The journey was also educative for all of us. We didn’t know, for example, that there’s a show on Star One at 8.30pm everyday except Tuesday, called Pyar ki Kahani, which is about vampires & werewolves (isn’t that so very original?)

And the same little gentleman who informed us about PKK also left us looking for answers when the following conversation happened:
Boy: aap bike chalate ho? (Do you ride bikes?)
Me: yes
Boy: Kaunsi? (Which one?)
Me: Bullet
Boy: kyon? (Why?)
Me: uhhh
Boy: Hero Honda chalao (Why don’t you ride a Hero Honda?)
Anish: (grinning wide) I’d like to see you answer that Amit
Me: (still looking for words)

Day 2 has already begun. We’re off the train, trying to get the bikes off. A little bit of preparations and we hit the road.

The rider in me is itching to do that. I can already see the Karmic cycles churning. This ride is going to be important for me. Delhi has welcomed me. It’s a clean slate once again 🙂

Qasam UDaanjhalle Kii

When this rider was little and rode bikes only as a pillion (or sitting on the tank), he dreamt of a place. A place high up in the mountains. A place where the landscape was white and brown, and the sky was bluest. A place where the terrain was unforgiving but the people were friendly, where monks lived, where kids were as pretty as dolls, where houses were clustered atop hills. A place where it was scorching hot out in the sun and chilling in the shade just at the distance of a few feet. A “cold desert” which was nowhere near Antarctica!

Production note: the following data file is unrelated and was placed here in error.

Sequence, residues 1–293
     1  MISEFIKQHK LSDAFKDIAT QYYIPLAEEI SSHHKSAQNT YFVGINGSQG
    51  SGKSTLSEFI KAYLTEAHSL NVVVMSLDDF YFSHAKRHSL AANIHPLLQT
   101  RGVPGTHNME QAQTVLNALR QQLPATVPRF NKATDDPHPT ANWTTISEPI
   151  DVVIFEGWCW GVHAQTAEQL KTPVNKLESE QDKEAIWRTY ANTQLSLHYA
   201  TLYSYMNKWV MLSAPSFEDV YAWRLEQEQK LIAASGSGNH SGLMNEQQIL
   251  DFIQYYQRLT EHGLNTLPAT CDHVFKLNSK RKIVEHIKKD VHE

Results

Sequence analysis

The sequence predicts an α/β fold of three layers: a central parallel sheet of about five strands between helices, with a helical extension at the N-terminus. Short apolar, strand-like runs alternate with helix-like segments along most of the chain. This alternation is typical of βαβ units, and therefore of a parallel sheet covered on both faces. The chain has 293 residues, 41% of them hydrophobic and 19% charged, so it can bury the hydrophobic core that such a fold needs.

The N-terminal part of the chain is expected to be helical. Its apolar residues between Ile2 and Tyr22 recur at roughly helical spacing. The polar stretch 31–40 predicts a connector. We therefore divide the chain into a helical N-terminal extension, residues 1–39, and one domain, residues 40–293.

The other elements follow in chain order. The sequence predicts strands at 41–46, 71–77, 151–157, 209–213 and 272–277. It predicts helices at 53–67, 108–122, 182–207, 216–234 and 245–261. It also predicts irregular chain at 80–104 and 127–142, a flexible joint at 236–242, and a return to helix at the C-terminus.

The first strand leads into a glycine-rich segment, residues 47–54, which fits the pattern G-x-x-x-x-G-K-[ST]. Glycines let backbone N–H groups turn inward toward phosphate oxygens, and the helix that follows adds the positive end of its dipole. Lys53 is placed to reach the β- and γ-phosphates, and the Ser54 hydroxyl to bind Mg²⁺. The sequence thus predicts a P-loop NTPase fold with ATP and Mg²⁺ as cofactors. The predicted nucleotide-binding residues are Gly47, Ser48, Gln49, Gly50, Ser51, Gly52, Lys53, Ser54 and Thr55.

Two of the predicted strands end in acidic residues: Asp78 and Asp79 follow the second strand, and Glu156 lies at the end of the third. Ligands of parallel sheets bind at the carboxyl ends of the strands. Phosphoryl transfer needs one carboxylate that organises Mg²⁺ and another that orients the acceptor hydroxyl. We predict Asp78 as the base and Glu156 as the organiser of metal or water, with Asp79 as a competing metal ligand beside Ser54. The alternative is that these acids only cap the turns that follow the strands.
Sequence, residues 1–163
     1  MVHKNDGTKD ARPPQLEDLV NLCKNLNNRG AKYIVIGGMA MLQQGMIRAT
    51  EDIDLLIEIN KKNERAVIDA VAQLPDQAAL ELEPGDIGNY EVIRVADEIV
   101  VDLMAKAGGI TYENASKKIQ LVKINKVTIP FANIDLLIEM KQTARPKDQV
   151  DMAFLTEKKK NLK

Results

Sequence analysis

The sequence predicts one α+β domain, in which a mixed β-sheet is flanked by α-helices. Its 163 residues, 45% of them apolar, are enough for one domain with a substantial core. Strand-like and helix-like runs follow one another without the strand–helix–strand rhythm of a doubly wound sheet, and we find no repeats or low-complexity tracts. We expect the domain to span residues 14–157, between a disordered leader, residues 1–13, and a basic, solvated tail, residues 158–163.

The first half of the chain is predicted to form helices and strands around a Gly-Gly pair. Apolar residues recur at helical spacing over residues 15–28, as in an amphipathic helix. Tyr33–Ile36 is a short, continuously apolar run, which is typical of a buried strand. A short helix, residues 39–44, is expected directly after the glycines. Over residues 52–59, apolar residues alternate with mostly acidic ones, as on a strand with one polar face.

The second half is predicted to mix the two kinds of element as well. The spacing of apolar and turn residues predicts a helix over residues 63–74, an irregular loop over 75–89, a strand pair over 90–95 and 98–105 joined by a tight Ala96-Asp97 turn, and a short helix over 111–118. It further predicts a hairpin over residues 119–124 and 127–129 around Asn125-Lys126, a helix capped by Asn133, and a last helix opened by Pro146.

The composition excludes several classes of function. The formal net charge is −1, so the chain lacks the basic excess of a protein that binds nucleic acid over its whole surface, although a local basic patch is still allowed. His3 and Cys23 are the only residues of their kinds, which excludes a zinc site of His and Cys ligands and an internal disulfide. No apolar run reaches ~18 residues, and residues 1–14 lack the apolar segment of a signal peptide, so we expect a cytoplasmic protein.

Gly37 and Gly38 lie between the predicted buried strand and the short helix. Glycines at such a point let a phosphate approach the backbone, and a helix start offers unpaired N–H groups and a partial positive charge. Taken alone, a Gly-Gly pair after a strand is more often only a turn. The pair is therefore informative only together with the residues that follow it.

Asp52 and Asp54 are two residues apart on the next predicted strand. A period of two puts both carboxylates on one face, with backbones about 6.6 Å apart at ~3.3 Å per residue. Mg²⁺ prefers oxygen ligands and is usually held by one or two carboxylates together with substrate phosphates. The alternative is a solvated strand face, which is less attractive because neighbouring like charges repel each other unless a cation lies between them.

The place where, as he would later know, riders would go in big numbers every year. The place which would later become one of the hottest tourism spots in the country, where a major TV reality show’s first season would be shot, where a motorcycle company would organise an annual trip to.

But before all that, for him it was the place where Dara and Karan went on horsebacks to capture Yogi Thakur, who was out of jail and wanted revenge on his old accomplice Raja Singh, and Bacchulal of Akaalgadh fame spoke the immortal words “क़सम उड़ानझल्ले की” (qasam udaanjhalle ki).

Err what??? Are you wondering whether I have lost it completely?

Ladies and gentlemen, I am talking about the movie Joshilaay, the one which began as a Shekhar Kapur movie, but couldn’t be completed as such. It still is one of my favourite films to relax with. One of the reasons for this is Shekhar Kapur’s direction in the first half, another being R. D. Burman’s score, then there’s Anil Kapoor’s on-screen attitude, and Satish Kaushik with his inimitable dialogue delivery. But more than that, what drew me, the little would-be-rider, into this movie was the unique looking “desert”. Never before had I seen a place so beautiful and interesting being portrayed as a badland. Before Joshilaay, deserts and tough places were always amidst the sands of Rajasthan or rocks of Karnataka. Which is why this movie took me in so deeply. Joshilaay introduced me to the dream that is Ladakh.